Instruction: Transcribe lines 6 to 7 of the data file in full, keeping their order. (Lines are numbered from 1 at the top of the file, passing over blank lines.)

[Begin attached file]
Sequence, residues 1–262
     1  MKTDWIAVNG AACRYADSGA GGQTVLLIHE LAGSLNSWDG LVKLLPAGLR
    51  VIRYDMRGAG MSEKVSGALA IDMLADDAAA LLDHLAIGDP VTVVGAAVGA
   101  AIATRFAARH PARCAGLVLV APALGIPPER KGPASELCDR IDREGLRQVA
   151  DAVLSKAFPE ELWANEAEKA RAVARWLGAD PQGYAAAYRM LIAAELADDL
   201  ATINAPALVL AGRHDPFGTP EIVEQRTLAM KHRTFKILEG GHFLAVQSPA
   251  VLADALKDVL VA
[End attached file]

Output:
   201  ATINAPALVL AGRHDPFGTP EIVEQRTLAM KHRTFKILEG GHFLAVQSPA
   251  VLADALKDVL VA